Facts: M.P. filed suit against Aransas Pass Independent School District to appeal the decision of Special Education Hearing Officer (“SEHO”) Lucius D. Bunton. The student had initiated two due process hearings against the district. In both hearings, the hearing officer held M.P. did not meet his burden of proof that the District violated its child-find duty because insufficient evidence existed to show that M. P. had a qualifying disability under the IDEA, despite a series of behavioral incidents at school. The hearing officer held that M.P.’s disciplinary infractions could be handled in a general education environment rather than rising to the level of requiring specialized instruction. Ultimately, the student’s requested relief was denied.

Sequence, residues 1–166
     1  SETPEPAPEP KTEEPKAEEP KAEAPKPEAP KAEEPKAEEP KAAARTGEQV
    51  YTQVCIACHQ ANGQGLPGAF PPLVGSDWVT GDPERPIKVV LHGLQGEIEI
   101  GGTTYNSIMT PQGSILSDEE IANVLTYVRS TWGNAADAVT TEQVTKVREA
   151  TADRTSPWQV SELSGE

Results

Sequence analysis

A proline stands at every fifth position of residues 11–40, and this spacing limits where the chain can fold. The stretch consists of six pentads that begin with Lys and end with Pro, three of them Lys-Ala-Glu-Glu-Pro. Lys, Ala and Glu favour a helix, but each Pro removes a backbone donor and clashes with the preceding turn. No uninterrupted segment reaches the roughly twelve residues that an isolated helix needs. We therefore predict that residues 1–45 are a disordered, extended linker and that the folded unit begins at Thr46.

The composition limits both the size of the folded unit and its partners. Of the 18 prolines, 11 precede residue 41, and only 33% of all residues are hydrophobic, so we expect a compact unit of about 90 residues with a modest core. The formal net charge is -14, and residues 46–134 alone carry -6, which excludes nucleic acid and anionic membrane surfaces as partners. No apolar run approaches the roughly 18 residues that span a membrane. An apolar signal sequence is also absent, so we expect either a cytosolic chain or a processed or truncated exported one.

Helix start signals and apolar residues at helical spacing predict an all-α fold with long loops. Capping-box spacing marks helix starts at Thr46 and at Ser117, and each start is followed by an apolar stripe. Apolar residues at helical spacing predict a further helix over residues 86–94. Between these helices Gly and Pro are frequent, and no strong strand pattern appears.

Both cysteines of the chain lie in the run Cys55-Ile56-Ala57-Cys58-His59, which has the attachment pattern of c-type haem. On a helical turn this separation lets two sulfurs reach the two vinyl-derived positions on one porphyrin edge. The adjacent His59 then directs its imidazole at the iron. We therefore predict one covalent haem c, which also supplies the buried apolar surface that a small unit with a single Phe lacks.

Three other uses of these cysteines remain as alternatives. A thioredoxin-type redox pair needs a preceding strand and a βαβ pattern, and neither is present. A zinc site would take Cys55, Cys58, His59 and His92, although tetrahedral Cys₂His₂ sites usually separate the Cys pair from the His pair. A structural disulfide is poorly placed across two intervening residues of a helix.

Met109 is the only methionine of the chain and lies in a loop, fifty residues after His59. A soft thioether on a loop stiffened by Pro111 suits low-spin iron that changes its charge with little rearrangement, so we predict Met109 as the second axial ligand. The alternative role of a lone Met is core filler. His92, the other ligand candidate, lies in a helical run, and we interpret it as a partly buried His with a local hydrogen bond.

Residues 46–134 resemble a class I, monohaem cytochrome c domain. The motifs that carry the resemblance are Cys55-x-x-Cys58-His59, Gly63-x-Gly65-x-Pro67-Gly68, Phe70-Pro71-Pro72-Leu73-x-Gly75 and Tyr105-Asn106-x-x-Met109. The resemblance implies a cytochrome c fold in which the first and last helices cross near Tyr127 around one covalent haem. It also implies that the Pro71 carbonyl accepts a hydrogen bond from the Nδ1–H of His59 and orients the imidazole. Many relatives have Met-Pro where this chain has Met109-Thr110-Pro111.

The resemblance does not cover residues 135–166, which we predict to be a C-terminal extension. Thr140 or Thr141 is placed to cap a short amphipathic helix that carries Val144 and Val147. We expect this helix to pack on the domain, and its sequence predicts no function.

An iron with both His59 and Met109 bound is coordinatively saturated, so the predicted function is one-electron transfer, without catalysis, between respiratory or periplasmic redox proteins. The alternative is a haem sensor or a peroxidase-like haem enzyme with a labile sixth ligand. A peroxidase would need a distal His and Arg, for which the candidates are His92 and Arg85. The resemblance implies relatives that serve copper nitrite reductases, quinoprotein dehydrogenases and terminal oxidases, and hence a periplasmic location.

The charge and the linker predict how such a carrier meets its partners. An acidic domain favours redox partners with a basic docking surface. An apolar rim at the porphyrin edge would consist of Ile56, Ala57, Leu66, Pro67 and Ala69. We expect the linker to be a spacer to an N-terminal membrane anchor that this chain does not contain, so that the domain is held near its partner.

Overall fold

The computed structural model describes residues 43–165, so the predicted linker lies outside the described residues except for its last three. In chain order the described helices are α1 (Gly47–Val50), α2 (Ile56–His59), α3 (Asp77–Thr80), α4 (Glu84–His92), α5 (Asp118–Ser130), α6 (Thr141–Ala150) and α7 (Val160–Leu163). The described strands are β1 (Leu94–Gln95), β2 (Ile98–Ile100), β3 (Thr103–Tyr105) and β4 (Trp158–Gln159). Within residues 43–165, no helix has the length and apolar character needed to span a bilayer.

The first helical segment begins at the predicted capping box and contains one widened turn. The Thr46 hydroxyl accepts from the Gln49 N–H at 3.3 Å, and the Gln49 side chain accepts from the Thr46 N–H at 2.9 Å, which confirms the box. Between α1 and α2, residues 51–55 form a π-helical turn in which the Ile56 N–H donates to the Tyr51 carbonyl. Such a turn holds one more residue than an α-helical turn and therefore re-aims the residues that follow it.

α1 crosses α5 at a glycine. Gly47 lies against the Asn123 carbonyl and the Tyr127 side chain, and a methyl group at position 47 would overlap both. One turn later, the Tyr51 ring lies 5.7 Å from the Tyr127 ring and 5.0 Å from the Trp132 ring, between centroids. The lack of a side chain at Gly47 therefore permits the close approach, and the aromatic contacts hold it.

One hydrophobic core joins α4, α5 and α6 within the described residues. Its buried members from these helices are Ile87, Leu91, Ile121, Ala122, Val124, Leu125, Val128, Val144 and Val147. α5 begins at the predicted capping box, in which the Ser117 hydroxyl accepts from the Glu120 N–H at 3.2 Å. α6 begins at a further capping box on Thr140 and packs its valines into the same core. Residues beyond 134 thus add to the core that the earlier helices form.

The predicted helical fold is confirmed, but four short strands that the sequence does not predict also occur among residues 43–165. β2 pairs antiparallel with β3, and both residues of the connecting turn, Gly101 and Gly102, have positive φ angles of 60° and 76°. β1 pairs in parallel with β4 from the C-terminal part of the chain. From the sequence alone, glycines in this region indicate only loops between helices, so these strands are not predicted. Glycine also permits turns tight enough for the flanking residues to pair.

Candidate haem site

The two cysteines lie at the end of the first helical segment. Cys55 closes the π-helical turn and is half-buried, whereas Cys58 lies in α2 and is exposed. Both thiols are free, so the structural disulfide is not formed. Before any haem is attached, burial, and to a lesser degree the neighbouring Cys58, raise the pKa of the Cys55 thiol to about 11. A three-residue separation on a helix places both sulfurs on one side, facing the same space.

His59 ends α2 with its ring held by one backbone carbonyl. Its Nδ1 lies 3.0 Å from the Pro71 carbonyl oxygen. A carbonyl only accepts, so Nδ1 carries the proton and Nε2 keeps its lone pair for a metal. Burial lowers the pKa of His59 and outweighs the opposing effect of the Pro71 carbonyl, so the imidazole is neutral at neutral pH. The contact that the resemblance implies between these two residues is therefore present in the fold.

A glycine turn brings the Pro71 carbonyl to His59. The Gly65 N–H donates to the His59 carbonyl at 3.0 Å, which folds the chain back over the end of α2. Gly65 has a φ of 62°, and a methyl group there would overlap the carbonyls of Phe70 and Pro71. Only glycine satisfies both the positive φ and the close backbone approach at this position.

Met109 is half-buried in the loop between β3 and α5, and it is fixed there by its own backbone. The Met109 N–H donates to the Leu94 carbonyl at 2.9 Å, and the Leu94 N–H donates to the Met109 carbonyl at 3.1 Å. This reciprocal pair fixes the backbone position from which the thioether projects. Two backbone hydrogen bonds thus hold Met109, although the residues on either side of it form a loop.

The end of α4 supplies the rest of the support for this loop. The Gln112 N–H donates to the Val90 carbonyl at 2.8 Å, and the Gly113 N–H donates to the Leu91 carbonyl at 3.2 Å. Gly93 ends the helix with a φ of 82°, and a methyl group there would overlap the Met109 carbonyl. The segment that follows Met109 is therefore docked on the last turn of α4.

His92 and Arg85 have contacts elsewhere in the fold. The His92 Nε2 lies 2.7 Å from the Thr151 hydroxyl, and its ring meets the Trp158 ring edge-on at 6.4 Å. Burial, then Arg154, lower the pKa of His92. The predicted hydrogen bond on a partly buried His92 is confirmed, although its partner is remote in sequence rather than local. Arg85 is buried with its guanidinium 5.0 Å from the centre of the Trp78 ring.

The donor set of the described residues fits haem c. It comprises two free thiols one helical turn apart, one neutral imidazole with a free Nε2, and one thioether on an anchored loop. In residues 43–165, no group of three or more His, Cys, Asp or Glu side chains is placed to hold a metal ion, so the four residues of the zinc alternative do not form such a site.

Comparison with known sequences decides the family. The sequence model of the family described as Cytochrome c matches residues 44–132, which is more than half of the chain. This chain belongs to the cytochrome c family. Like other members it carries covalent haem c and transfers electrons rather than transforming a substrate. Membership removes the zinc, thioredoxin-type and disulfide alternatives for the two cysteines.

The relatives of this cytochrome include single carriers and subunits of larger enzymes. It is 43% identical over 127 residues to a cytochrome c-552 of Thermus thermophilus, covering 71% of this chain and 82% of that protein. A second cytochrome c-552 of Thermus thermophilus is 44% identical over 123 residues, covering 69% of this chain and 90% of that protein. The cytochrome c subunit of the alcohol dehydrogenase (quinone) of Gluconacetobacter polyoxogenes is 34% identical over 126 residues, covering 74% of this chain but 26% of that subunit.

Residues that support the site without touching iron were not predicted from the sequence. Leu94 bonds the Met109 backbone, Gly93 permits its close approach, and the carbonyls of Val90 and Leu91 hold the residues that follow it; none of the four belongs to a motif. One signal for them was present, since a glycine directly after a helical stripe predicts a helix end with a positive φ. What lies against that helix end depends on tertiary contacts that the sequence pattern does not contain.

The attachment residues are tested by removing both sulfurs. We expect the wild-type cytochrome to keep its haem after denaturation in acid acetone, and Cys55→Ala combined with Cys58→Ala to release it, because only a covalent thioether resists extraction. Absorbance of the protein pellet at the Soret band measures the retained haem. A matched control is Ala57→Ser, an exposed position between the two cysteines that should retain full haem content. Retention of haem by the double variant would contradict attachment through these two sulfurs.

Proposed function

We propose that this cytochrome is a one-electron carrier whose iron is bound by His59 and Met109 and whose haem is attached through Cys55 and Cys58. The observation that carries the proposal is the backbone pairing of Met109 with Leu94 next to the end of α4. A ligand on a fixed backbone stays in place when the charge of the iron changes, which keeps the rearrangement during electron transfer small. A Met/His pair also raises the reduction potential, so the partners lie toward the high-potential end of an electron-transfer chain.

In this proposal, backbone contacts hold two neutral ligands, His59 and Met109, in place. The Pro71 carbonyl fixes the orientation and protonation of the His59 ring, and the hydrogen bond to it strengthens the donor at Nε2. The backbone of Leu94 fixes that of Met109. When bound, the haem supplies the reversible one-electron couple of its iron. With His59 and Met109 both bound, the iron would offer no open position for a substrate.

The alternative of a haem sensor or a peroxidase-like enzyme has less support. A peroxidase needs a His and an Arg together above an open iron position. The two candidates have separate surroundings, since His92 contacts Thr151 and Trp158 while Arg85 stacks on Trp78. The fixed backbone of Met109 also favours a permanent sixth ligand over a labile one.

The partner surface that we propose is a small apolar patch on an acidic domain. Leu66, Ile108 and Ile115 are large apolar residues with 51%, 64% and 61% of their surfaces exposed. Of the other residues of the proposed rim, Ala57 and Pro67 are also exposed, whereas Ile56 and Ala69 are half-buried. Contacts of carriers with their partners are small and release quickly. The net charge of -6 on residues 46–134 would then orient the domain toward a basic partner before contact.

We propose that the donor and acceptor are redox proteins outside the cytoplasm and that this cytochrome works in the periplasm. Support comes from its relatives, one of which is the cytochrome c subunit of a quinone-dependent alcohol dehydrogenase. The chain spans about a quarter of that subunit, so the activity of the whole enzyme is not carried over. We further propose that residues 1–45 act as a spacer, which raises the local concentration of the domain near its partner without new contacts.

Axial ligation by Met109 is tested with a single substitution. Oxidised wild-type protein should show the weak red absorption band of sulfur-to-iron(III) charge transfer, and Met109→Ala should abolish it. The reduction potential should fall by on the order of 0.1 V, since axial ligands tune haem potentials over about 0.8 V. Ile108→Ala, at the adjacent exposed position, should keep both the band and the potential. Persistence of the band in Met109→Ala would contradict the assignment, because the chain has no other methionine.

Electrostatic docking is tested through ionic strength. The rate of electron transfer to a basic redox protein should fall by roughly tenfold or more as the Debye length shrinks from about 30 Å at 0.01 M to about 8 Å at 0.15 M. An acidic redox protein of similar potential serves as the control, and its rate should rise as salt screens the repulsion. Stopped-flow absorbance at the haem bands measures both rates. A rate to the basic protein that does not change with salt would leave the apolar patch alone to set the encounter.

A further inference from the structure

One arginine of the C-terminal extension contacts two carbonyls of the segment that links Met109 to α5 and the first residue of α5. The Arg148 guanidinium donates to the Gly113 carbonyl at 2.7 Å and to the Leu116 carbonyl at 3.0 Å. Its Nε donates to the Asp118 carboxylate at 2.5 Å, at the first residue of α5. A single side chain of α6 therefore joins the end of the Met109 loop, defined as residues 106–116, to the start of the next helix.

Holding: The trial court concluded that M.P. had not demonstrated that he qualified for special education and related services because of his history of behavioral problems. Although M.P. had provided expert witness testimony suggesting that he had autism and an emotional disturbance that required special education support, the district challenged the expert witness evaluations and offered conflicting evidence and testimony. The trial court noted M.P.’s prior academic success and the fact that the parent had previously agreed that M.P. did not need special education, and found that M.P. was capable of academic achievement without special education support. The evidence was insufficient to explain why M.P.’s behavior had declined and there was no evidence connecting a qualifying disability to M.P.’s behavioral problems. The court stated: “In the complete absence of persuasive evidence of the nexus between disability and special education needs, the Court – like the SEHO – can only conclude that M.P. has failed to meet his burden of proof that his educational difficulties warranted special education and related services. The trial court, therefore, upheld the hearing officer’s decision in favor of the school district.